Loving the Small Encounters

“I just can’t get it this week.” 

That’s how I open the conversation.


“I’ve been trying and trying and I think it’s beyond me.”

“Here, listen again.” 

I pack cartons of milk into my bag and listen again as the check out guy whistles a little more of his tune. He makes a warbling milkman-ish kind of a sound. 

“I really feel I should know it.”

"Will I tell you?"

"Go on so."

“”And then I go and spoil it all…"”

“No! I should have bloody got that.”

“I love the Robbie Williams version… you know with yer wan.”


“Aye, her.”

“I don’t like that version at all. Robbie did a cover of Mr. Bojangles that was possibly the worst thing I ever heard. It’s got to be Frank for me.”

“Frank and Nancy. Your receipt.”

“Thanks. See ya.”


I don’t get the same check out guy every week but, when I get the whistling guy, we always chat about something. If there’s a good voucher in the paper, he’ll send me off for one and he’ll find it and tear it out and apply the deduction to my bill. Or else he'll be whistling a tune and I'll try to name it. Always something.

Another one of the check out guys is a great science fiction movie fan. He was troubled by a childhood film he remembered clearly but could not track down. He described it to me and I found it for him and had the information for the next check out. It was called ‘Wild Wild Planet’, in case you're bothered.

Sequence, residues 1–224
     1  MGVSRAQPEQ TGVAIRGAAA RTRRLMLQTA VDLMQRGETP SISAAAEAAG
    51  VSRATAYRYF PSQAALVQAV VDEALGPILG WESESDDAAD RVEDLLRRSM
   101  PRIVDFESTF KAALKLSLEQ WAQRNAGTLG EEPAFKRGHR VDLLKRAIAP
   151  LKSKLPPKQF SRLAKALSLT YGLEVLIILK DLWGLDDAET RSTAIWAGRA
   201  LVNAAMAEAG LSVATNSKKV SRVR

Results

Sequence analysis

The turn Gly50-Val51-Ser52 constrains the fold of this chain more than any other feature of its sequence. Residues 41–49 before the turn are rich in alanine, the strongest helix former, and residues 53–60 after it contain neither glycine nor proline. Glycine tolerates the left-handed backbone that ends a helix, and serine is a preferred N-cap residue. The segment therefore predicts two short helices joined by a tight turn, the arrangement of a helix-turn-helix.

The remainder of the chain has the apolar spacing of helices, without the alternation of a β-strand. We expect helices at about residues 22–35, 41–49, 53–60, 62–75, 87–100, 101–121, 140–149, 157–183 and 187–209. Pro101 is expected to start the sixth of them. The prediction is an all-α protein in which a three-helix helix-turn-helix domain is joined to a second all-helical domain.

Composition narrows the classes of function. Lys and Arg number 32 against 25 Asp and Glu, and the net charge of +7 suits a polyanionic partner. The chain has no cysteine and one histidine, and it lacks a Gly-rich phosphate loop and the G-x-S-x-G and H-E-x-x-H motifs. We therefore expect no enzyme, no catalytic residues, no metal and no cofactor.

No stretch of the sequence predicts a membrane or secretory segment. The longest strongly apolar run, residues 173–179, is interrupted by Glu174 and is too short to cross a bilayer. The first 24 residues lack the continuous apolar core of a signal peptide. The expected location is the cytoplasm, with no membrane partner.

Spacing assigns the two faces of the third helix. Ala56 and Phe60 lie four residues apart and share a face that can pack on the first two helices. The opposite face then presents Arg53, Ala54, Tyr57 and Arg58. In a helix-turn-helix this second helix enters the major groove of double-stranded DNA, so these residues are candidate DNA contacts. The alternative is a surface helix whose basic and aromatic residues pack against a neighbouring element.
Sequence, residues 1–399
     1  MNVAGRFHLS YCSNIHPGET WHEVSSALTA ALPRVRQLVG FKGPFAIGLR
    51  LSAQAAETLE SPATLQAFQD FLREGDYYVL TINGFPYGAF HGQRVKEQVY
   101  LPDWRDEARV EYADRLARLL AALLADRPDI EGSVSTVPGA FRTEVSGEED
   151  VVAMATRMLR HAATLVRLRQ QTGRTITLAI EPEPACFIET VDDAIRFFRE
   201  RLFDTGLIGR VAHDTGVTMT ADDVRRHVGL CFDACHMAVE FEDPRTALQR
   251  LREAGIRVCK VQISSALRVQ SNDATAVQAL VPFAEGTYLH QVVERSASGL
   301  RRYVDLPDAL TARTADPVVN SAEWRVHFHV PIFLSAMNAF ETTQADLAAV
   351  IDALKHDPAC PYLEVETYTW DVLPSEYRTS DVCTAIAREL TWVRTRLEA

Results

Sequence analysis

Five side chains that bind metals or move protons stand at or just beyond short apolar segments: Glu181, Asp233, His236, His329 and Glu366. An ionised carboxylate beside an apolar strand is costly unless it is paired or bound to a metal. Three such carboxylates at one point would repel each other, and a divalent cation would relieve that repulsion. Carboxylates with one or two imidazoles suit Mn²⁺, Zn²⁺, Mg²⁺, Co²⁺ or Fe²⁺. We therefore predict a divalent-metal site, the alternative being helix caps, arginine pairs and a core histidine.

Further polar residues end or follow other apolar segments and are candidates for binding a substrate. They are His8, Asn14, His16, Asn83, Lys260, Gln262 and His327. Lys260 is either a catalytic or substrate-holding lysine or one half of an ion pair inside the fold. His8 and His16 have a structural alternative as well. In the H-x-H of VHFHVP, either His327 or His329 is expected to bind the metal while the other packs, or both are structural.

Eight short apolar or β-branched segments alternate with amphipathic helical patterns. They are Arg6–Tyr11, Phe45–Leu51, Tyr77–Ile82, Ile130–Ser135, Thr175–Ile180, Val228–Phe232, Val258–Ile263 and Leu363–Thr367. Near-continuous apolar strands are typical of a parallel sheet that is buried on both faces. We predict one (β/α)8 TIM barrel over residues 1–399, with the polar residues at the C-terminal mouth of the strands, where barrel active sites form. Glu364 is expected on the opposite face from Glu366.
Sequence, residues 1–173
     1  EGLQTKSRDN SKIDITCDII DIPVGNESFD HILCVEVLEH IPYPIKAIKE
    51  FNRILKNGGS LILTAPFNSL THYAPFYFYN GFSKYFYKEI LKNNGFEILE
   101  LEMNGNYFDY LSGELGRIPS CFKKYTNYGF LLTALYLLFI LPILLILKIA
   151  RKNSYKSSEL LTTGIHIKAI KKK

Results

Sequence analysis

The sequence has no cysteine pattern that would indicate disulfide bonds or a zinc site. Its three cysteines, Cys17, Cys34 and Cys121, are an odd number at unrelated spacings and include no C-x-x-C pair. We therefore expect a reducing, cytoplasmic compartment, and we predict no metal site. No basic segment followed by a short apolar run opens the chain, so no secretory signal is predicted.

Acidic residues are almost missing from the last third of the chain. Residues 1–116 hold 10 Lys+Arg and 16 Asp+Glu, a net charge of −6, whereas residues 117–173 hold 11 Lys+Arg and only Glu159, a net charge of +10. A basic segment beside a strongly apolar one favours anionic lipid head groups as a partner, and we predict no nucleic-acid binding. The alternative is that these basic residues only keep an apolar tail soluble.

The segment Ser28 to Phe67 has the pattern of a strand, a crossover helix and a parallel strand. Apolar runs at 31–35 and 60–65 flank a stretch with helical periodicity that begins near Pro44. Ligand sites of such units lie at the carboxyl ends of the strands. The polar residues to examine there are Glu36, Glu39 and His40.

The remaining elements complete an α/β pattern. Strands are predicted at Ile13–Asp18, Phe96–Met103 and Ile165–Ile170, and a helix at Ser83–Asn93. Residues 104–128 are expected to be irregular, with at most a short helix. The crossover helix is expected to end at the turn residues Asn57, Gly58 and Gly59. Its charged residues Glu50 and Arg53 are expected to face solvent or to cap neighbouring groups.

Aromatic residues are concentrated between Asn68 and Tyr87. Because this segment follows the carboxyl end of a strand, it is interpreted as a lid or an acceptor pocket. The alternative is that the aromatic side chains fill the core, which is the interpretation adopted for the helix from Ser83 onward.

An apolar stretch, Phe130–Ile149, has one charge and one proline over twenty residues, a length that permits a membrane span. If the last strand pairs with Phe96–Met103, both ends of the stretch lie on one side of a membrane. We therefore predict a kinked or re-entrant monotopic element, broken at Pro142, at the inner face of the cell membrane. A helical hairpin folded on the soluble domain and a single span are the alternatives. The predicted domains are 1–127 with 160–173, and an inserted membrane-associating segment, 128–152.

We chat warmly and with mutual interest, the check out guys and me… until the groceries are all checked out. Then it’s over. We both move on. We both have other things to do.

I’ve come to realise that there’s a truism here that applies to my life in general and perhaps particularly to my Social Media interaction. 

I love the small encounters. The brief chat, vibrant and engaged and, crucially, with a visible end clearly in sight. The more off beat and odd the conversation, the better. In ‘Godot’, Vladimir implored Estragon to ‘return the ball once in a way’. I love it when people ‘return the ball’ conversationally like that. I fling out a wild veering ball and they magically get a foot or a head on to it and somehow get it back.

I embrace the shorter form of encounters.

And there’s the converse, as there always is. 

I tend to ease myself away from any situation with the potential for a long drawn out exchange. Brevity, for me, is the soul of wit. It’s grown to a stage where I will actively try to avoid being cornered or drawn into something long. If I can get in and be secure in the knowledge that I am getting out again soon, then I am yours (for a finite period). But if you need me for the next couple of hours then, in the words of Bob Dylan, “it ain’t me, babe" or, in the words of Jules from Pulp Fiction, “We’d have to be talking about one charming… pig.”

That’s why I like the check out guys. They only want to talk for as long as it takes to ring my vittles though but, for that exact length of time, they’re well into it. 

I'm heading there now. I hope it’s the whistling guy.